Then, as now, many held a romantic notion of the mom-and-pop store. Small, family-run establishments, so the story went, offered exquisite products, generated jobs, and played a vital role in the social life of small communities. Millions of Americans living in rural areas viewed the success of national chains as a danger to their way of life. As Levinson chronicles, this sentiment found favor in statehouses, where numerous “chain-store” taxes were signed into law; in Congress, where populist Texas Representative Wright Patman, the self-appointed enemy of “the money barons of the East,” fought for legislation to protect independent merchants; and the White House, where the administrations of Franklin D. Roosevelt and Harry S. Truman sought to restrict the growth of A&P.

Readers will naturally draw parallels between the battles over A&P and more recent controversies surrounding Walmart, though opposition to the newer firm has been relatively tame compared with the decades-long bombardment its predecessor endured. In documenting this struggle, Levinson is sympathetic to the Hartfords, but his treatment is steeped in arithmetic rather than ideology. The benefits of chains such as A&P are considerable and often overlooked, he observes, and the rosy view of their independent rivals is not always accurate. Chains, with their lower prices and extended inventories, gave Americans greater access to food and improved nutrition—especially in urban areas, where many A&Ps were located.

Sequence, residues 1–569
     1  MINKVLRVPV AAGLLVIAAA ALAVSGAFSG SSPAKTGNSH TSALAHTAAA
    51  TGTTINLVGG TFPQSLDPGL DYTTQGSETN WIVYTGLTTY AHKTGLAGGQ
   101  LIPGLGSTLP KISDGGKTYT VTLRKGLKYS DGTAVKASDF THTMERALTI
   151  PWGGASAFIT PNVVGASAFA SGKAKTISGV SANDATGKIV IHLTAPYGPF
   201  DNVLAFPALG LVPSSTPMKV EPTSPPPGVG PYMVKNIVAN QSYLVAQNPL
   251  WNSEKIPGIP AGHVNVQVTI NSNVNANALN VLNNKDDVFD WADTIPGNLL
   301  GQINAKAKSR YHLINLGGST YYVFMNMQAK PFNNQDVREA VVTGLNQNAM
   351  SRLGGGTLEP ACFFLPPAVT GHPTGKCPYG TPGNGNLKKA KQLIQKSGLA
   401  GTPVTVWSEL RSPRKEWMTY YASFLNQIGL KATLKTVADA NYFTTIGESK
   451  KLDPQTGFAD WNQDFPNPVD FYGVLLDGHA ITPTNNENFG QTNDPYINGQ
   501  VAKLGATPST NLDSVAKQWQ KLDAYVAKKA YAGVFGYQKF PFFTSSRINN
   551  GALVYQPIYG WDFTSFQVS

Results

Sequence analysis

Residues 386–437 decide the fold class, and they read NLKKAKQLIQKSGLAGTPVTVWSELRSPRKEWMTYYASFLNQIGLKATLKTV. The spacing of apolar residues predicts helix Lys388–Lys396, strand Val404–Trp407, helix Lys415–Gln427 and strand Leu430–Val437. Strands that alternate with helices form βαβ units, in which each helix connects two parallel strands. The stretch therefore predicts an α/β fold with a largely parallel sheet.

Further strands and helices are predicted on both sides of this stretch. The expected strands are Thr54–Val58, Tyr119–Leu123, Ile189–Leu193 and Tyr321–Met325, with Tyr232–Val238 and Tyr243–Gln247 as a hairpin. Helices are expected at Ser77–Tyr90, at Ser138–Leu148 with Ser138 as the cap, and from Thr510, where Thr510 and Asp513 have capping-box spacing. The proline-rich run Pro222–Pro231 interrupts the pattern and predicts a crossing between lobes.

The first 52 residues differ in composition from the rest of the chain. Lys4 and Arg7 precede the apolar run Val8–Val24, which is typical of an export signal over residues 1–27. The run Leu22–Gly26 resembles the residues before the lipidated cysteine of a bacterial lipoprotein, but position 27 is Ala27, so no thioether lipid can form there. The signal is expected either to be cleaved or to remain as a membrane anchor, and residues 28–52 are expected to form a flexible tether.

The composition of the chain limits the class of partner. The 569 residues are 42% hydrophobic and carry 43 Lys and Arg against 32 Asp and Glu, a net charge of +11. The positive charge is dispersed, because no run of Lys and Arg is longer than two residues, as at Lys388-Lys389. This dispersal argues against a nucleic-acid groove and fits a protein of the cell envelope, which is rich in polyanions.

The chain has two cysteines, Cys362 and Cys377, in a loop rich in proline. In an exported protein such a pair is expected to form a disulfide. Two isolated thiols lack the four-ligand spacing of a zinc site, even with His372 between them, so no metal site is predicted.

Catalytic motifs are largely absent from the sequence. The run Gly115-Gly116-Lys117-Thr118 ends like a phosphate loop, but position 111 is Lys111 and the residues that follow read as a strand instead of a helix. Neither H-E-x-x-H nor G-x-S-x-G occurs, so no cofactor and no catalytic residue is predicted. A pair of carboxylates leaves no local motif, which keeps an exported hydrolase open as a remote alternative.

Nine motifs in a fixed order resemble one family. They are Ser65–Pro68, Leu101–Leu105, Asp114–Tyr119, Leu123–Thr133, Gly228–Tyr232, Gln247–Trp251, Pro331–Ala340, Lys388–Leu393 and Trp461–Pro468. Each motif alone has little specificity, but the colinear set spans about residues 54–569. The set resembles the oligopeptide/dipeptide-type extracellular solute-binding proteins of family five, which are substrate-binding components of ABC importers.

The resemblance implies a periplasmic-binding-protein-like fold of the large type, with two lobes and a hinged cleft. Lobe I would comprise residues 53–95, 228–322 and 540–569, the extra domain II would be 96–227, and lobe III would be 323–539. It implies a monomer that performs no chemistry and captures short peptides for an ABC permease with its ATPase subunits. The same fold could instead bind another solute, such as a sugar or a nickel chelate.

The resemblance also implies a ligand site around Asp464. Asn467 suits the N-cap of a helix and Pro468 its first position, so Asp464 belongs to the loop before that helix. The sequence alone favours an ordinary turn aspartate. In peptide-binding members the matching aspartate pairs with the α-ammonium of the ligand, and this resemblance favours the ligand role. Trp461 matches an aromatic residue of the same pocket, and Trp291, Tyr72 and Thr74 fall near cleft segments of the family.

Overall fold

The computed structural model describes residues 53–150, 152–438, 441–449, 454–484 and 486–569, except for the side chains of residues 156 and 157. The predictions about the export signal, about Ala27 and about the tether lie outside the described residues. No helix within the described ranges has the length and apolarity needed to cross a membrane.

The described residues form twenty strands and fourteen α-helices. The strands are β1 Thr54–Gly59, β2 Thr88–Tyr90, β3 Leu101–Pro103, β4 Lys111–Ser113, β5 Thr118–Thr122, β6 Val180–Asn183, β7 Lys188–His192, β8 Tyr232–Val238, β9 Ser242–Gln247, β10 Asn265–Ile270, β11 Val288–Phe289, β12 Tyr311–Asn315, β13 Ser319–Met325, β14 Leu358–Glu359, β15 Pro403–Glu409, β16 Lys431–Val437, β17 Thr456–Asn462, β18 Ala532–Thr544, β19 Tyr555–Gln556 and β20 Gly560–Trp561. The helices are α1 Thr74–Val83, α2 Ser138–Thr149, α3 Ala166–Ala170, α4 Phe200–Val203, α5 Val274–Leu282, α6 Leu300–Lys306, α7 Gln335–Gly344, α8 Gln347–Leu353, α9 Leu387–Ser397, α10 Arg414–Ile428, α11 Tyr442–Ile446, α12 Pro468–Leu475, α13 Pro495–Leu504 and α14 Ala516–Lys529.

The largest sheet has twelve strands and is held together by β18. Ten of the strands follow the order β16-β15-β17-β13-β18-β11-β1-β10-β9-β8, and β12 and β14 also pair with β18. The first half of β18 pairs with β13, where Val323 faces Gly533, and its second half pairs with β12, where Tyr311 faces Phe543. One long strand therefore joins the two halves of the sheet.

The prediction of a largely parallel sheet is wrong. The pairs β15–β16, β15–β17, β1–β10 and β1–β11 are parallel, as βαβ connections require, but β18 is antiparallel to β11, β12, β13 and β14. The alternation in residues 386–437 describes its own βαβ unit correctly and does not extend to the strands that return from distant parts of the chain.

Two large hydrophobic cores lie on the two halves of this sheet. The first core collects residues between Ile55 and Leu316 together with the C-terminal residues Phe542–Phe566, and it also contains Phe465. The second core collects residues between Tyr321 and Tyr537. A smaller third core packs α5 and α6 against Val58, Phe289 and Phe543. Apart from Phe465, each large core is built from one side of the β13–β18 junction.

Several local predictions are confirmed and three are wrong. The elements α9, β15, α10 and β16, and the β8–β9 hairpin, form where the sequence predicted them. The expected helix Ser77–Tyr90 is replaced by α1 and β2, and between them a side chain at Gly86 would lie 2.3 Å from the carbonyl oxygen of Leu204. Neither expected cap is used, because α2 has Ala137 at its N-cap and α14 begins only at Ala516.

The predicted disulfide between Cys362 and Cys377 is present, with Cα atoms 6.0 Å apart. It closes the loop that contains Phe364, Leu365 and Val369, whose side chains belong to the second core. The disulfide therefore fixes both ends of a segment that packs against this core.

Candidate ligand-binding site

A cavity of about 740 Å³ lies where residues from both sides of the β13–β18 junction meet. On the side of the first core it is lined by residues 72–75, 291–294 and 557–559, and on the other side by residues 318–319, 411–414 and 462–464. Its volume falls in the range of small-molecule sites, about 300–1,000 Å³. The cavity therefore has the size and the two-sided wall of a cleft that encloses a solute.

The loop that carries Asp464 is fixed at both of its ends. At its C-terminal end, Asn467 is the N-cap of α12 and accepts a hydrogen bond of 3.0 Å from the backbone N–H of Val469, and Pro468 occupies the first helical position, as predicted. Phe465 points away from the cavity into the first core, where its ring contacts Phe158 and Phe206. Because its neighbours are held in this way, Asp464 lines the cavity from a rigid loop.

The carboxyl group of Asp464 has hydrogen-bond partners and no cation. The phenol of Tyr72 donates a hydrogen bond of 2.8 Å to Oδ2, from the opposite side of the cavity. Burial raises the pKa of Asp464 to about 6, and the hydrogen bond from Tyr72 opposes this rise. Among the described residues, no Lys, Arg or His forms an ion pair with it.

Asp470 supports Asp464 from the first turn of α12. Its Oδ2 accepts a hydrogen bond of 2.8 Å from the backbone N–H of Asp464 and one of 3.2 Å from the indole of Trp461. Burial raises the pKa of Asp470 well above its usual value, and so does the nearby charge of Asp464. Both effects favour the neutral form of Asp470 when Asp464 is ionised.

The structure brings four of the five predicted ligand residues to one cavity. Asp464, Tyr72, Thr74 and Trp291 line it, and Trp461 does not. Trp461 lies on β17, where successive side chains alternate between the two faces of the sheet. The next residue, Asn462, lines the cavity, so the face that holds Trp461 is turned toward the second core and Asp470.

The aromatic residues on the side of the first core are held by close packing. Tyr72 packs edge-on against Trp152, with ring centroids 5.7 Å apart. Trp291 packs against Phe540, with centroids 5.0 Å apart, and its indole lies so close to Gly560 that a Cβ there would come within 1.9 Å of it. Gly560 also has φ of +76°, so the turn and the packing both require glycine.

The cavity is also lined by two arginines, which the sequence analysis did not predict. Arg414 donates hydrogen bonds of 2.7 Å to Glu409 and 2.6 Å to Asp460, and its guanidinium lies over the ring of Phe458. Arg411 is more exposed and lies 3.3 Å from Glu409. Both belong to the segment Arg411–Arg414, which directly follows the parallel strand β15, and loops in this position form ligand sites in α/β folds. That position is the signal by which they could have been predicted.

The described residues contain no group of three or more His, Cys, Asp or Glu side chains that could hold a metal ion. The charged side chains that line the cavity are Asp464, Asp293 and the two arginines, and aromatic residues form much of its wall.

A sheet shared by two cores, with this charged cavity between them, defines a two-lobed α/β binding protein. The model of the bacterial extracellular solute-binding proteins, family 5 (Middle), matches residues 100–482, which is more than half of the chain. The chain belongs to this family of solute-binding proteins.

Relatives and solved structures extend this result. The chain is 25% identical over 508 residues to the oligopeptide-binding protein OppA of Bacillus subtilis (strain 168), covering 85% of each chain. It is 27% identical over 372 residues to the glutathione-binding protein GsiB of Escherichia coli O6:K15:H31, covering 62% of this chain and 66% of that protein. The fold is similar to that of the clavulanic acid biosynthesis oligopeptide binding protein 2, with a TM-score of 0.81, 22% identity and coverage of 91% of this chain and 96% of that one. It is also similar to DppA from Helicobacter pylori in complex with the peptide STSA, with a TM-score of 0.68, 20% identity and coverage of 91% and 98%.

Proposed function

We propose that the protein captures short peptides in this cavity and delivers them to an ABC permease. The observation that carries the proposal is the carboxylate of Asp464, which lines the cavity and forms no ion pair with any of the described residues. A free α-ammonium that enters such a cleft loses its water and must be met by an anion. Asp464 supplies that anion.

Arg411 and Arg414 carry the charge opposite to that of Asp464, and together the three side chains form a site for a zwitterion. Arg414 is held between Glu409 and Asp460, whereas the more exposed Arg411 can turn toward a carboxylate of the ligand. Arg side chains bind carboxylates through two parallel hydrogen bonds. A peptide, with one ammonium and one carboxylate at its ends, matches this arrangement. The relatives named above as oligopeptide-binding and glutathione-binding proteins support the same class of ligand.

Meanwhile, small grocery stores offered a limited array of products at high prices and low quality, often forcing consumers to travel to several different venues in order to check off all the items on their shopping lists. Small grocers provided employment for their clerks and others in the lengthy supply chain, but they produced minimal revenue and inspired even less innovation. Unsurprisingly, government policy, which was based on bad economics and ignored consumers, took little of this into account, propping up the archaic mom-and-pop business model.

The story culminates with a timeless reminder that capitalism and competition are by no means synonymous. Capitalists are not immune to behavior—creating monopolies or forming cartels, for instance— that crushes competition and ultimately harms consumers. But, as the A&P saga illustrates, regulators assigned with stopping these practices don’t always recognize the difference. By attempting to clip A&P and its ilk, the federal government was stifling genuine competition and harming consumers. Policymakers in Washington and in the states were, in Levinson’s words, “sheep in wolves clothing, pretending to be tough on big business to benefit the common man while in fact forcing the common man to pay more than necessary for his groceries in order to keep small businesses rolling in profit.” The Hartfords were indeed aggressive capitalists, but they had little interest in monopolizing markets, fixing prices, or forcing customers to buy products they didn’t want at prices they couldn’t afford.

After the Hartfords died, their company eventually fell victim to the same forces of creative destruction that had propelled it in the first place. Other, more innovative supermarket chains turned A&P, once the nations’ largest company behind General Motors, into a marginalized and insolvent regional chain. Readers of Levinson’s book will find it difficult not to agree that the Hartfords and their company brought benefits to countless Americans—and that their much-derided descendants, Walmart included, are doing the same today.

Ryan L. Cole writes on politics and culture from Indianapolis.